6 Comments on “Is the War for Talent a Red Herring?

  1. I couldn’t agree more that we Corporate Recruiters could be more collaborative and less combatant. Our Detroit chapter of the American Society of Employers helps to foster sharing of best practices through a quarterly Recruiter Roundtable. I am the co-founder of a recruiter network in SE Michigan, where local corporate and agency recruiters come together in social and educational forums. The group has multiplied 10-fold in a year and a half, proving that the desire to break down barriers does exist.

  2. Here’s another slant on the war for talent; not demographics, but in terms of being in the trenches.

    I still think there is a War for Talent; just not the war, or more accurately… diversion, that many corporate recruiters are running off to fight.

    The fact is that you are in “aggressive competition with other organizations for the same individuals.” It’s the nature of competition and competitiveness breeds “suspicious relations.”

    Even with the global economy in a tailspin and a sharp increase in the numbers of capable and available candidates; talent acquisition will be competitive. The haystacks just got a lot bigger…sorting and filtering a lot harder. The challenge, for competitors will be, besides the large haystack, how you relate to the talent market place not to each other… you’re competitors.

    Your observation that internal processes and systems are the main challenges is astute; but seldom acknowledged. For those who want to resolve this serious challenge, the problem isn’t all that difficult. Col. Boyd’s OODA Loop (observe, orient, decide, act) offers a good model. Contrary to your fears, vendors can provide a tremendous amount of information. There are also independent consultants capable of guiding buyer to make good choices. A professor of mine, in my pursuit of a forestry degree, was famous for saying “you gotta walk the ground men”. So there you have it. Once you’ve observed the problem, orient to it, decide what to do, and act. Unlike the fighter pilots the OODA Loop was designed to keep alive; folks in HR don’t have to worry about engaging at that level of intensity. Nevertheless, as your CEO observed “succeeding despite our processes” would suggest trying a different approach.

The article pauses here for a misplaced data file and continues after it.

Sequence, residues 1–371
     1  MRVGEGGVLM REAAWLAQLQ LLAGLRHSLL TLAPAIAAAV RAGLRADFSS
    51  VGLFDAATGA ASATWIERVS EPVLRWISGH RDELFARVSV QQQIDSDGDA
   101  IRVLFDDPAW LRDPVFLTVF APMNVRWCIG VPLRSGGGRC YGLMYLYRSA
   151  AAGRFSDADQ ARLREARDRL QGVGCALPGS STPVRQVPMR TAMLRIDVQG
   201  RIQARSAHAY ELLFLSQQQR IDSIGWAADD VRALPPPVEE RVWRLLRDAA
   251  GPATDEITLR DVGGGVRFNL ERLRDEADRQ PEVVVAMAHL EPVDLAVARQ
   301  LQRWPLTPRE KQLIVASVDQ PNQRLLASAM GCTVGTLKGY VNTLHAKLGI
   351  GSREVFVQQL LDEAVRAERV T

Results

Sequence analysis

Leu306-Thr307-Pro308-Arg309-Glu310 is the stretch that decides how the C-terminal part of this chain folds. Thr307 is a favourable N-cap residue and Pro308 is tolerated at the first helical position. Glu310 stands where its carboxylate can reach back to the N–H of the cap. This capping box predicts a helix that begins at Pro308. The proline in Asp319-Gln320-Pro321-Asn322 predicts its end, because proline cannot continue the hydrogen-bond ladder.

The assertion that third-party providers can’t be objective, and therefore reliance on a competitor for help is a bit like asking the fox to guard the hen house. Consider best practices in terms of recruiting for example. Which group has demonstrated, time-and-again, the highest and best competency in recruiting high-level talent; in-house recruiters, or third-party search and placement pros? Oh-by-the-way, in referring to third-party recruiters, I’m talking about those that demonstrate their competence in the market place every day. They’re not hard to identify…as their reputations precede them. For those who wish to be candid, the objection is generally about cost not competency. Allow me to suggest that if the challenge is to “clearly define our own priorities” a good place to start would be whether to rely on a competitor or an independent and competent consultant. At least engage in the due diligence of comparing apples-to-apples before dismissing the “usage of staffing agencies”; as you admonished “we should also never pretend to know everything.” Candidly, I think third-party recruiters have not only defined “best practice” they invented them. Sophisticated talent managers understand clearly that when they need top talent and need it now the “most painless procedures” aren’t going to be found in house

    You did indeed “open yourself up to scrutiny”; and while it may have been a little embarrassing to say “I’m a recruiter, and my processes don’t work,” I think you’ll feel a whole lot better having learned something in the process.

  3. Timothy, you practice what you preach…you held up your hand.

    Now, let me chime in on the subject question “Is the War for Talent a Red Herring?” The answer depends on who you listen to, whether those who care engage in due diligence. The answer is fairly straightforward!